The rise of online investment platforms, commonly referred to as robo-advisors, has many traditional financial advisors on high alert. If do-it-yourself firms like Wealthfront and Betterment stick around, will it truly create a sea change in our industry? I can’t answer that question. And while I am partial to the customized approach that human advisors can provide, I do believe that there are certain things that advisors can learn from robo-advisors.
Without further ado, here’s what robos do well—and what advisors can learn to help them better differentiate themselves from their lower-cost competitors.
1) Automate Your Processes
You don’t earn the robo moniker without effectively automating tedious tasks that have long been a pain point for advisors and clients. With robos, account opening, money movement to and from bank accounts, tax loss harvesting, and portfolio rebalancing are all reduced to a few clicks. This streamlining is their core competency and the foundation of all they do.
How can you automate your processes? Using model portfolios and developing rebalancing schedules can is a good start. Here at Commonwealth, we’ve tried to simplify these processes for our advisors. For example, our Practice 360°® Models application allows advisors to build their own model portfolios or to use ours, and rebalancing can be done with a simple click.
2) Stay in Regular Contact With Your Clients
Although robo platforms can’t offer a warm handshake and a cup of coffee while discussing the markets, they are still very effective communicators. They are able to deliver missives on a daily basis through multiple channels, including e-mail, blog posts, tweets, and client-messaging systems that allow them to “customize” messages to clients when clients log into their accounts. As an example of this, the figure below shows how Betterment and Wealthfront delivered messages to their clients during the market volatility of August 2015.
How can you communicate more effectively with clients? Although you may not be able to keep up with robos in terms of how often you send messages to clients, the lesson here is that you can and should be active on social media. This includes sharing quality content that speaks to your target audience, figuring out which platforms that audience is using, and taking the time to build social media into your overall marketing plan.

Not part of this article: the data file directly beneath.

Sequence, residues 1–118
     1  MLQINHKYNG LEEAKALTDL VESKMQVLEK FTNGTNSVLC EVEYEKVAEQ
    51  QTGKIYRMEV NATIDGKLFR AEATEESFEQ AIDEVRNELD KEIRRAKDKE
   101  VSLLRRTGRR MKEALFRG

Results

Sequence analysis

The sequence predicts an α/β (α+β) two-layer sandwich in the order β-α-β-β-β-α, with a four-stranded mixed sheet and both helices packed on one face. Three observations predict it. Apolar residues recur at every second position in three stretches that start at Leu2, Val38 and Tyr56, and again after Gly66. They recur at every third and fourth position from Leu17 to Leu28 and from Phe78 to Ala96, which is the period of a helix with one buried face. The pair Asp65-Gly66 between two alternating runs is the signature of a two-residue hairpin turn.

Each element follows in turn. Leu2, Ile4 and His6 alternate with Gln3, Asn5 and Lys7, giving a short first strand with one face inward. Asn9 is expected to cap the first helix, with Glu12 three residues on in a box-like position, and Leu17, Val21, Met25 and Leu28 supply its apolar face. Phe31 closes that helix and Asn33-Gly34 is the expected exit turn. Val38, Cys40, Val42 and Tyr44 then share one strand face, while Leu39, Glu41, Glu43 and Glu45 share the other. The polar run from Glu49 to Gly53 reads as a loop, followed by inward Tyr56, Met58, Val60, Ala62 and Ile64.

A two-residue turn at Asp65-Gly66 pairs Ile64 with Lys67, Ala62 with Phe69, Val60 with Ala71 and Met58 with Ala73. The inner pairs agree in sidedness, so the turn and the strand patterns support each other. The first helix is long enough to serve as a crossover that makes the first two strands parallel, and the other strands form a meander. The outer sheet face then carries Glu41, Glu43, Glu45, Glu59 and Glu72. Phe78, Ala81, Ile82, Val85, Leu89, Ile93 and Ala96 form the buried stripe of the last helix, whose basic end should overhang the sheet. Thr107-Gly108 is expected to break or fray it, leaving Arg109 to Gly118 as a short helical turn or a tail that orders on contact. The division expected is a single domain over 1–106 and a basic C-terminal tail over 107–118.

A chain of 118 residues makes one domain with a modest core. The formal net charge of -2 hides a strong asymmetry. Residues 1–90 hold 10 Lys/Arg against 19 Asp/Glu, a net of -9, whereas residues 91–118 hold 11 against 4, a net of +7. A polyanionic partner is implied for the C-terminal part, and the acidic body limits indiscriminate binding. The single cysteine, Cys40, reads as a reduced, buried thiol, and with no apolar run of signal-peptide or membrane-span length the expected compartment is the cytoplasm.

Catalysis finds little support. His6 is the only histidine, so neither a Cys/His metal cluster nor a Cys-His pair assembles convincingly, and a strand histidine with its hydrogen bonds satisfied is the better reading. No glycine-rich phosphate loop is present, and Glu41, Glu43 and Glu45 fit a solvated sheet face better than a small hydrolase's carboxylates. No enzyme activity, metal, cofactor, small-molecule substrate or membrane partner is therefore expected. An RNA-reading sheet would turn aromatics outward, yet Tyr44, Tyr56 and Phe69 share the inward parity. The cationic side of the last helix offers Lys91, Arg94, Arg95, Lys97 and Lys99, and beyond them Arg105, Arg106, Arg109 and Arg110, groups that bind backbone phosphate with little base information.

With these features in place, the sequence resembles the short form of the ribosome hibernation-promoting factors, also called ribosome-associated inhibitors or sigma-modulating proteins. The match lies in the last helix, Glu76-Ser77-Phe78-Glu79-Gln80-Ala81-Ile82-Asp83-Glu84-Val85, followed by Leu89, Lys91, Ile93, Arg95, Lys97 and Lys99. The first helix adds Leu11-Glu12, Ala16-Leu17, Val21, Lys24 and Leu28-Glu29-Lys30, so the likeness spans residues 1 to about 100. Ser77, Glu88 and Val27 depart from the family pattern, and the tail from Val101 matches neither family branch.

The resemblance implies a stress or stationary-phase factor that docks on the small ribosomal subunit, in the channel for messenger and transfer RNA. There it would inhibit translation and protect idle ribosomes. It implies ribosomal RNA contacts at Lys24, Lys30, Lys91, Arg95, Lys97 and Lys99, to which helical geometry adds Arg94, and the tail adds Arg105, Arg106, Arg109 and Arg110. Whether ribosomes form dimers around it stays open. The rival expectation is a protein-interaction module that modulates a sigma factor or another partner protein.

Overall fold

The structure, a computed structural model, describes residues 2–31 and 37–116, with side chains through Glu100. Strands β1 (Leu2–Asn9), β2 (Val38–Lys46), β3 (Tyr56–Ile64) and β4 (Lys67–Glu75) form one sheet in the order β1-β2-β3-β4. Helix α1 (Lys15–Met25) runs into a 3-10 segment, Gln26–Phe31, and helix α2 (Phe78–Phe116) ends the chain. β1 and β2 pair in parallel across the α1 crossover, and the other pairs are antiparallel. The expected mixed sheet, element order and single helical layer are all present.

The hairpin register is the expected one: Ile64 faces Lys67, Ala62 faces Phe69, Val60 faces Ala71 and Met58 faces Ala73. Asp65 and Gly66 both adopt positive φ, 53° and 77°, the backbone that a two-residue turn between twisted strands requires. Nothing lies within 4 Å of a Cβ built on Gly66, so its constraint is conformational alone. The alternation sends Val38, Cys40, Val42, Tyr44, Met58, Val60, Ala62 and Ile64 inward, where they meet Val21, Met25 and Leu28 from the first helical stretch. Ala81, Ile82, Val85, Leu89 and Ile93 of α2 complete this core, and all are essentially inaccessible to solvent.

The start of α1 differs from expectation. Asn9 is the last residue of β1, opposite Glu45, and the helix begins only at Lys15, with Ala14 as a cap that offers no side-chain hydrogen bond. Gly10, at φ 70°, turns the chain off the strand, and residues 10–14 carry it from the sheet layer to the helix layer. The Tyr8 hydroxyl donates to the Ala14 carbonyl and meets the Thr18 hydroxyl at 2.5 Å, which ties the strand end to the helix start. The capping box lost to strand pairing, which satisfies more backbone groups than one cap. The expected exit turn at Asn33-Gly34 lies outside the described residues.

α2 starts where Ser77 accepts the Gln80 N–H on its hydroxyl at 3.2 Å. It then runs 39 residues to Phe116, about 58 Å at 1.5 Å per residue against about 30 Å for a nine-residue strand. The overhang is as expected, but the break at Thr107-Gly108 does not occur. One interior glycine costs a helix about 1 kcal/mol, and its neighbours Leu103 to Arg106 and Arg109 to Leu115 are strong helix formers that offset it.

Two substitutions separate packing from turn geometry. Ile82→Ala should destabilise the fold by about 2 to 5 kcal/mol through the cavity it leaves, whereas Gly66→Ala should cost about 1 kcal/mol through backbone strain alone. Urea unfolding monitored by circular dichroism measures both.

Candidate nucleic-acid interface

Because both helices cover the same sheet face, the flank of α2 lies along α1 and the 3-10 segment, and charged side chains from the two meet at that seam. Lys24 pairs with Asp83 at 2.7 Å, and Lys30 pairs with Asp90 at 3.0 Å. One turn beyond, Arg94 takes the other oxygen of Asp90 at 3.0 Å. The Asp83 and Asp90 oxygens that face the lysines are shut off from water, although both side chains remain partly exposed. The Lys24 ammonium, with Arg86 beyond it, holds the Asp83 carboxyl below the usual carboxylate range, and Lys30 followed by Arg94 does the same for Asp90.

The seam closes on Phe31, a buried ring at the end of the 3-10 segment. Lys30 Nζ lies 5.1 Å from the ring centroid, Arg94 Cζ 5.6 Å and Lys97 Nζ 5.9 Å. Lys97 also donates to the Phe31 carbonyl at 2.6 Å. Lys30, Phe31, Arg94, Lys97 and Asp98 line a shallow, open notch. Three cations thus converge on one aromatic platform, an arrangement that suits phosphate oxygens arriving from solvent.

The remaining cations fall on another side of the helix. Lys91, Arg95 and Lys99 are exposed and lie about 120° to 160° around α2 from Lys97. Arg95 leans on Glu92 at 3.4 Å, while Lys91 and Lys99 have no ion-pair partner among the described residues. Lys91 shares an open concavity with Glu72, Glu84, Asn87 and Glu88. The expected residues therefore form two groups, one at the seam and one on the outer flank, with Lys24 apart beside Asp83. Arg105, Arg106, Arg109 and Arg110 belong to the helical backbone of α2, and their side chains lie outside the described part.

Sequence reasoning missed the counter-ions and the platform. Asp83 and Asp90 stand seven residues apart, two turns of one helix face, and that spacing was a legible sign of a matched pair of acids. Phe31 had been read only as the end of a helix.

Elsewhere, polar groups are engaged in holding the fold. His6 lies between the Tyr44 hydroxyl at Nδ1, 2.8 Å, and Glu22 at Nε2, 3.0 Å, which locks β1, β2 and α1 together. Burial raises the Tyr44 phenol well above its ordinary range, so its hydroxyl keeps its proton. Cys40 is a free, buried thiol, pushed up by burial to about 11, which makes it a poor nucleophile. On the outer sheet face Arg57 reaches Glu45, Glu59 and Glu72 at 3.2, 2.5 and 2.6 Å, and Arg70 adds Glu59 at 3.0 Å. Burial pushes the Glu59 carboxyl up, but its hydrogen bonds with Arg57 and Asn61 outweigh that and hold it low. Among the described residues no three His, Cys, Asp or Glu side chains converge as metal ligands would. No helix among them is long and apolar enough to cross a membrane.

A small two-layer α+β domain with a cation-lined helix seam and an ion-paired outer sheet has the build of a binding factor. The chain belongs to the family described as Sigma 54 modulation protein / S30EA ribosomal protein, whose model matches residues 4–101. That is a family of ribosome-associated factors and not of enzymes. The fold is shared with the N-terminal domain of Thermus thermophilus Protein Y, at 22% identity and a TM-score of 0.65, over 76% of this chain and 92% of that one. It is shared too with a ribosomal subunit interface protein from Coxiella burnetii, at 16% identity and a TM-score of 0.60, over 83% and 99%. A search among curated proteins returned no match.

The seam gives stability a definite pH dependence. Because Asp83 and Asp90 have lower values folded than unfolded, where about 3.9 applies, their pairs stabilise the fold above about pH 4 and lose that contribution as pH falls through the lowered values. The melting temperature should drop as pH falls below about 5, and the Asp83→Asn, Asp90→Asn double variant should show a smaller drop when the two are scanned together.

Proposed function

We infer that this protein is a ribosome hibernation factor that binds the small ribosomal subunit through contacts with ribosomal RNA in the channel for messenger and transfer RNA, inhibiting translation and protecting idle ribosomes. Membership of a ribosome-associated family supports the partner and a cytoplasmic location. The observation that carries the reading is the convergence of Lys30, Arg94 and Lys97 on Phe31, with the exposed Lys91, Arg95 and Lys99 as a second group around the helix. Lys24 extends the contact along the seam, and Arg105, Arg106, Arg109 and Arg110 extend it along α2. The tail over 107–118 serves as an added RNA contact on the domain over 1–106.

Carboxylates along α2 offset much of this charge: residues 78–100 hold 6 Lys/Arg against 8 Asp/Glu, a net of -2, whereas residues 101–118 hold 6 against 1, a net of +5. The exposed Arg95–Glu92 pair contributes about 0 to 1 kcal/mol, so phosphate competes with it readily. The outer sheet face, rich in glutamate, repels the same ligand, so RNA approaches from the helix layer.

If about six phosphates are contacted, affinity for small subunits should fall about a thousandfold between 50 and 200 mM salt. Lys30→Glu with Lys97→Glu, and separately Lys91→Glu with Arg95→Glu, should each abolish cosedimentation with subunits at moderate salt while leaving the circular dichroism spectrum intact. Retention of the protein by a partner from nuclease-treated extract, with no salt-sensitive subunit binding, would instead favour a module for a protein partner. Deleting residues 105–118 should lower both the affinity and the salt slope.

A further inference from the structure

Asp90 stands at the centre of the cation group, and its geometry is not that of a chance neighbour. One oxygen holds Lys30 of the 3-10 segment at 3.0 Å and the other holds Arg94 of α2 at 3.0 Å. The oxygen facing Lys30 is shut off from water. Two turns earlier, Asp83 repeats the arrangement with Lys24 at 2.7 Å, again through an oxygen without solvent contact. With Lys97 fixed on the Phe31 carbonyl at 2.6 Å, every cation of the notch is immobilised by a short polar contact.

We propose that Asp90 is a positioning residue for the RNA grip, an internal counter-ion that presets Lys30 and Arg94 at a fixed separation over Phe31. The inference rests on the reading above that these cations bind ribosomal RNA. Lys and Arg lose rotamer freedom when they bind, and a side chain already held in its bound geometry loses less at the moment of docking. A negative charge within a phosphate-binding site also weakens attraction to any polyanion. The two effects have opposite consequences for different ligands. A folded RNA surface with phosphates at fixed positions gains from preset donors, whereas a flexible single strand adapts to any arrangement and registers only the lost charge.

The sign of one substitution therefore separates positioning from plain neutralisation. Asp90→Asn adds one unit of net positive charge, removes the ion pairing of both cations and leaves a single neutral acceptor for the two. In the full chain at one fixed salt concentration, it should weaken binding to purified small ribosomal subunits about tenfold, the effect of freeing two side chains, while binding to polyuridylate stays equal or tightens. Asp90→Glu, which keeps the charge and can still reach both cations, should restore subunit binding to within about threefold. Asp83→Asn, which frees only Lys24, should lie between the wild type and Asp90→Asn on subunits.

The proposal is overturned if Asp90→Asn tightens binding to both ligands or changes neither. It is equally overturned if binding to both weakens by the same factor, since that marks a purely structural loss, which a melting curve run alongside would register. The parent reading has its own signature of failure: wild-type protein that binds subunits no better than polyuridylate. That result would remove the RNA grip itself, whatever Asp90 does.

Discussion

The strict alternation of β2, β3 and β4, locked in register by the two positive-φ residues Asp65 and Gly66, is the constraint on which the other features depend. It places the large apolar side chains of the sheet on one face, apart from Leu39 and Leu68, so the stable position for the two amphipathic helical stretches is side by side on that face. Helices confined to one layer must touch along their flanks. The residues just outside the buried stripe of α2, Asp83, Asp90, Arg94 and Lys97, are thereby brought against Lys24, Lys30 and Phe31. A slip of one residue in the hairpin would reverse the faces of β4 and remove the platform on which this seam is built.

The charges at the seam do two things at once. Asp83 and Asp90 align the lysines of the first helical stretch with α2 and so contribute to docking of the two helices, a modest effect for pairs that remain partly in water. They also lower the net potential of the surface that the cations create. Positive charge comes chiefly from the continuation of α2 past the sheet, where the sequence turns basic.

3) Share Content That’s Relevant
The robos just mentioned—Betterment and Wealthfront—have another valuable tool at their disposal: an impressive array of academics. Betterment boasts an Investment Committee with the requisite CFA® and CFP® certifications but also leverages multiple PhDs from the faculty of Columbia University. Wealthfront counters with economist Burton Malkiel and Meir Statman, widely recognized as one of the foremost experts on behavioral finance. Further, the content available from both firms is not only voluminous—covering topics across the personal finance spectrum—but also very high quality and likely on par with the content libraries of many established distribution giants.
How can you find relevant content? Of course, you may not have access to faculty from an Ivy League institution. But you should still provide your clients with relevant content. Your broker/dealer likely has such content that you can customize for your clients. At Commonwealth, advisors have a wealth of resources available via our Four-Corner Marketing engine, including brochures, market commentary, and social media updates. You might also search the websites of well-known outlets to stay abreast of what’s happening in the industry and share relevant content with your clients and other followers. (For example, have you checked out The Independent Market Observer?)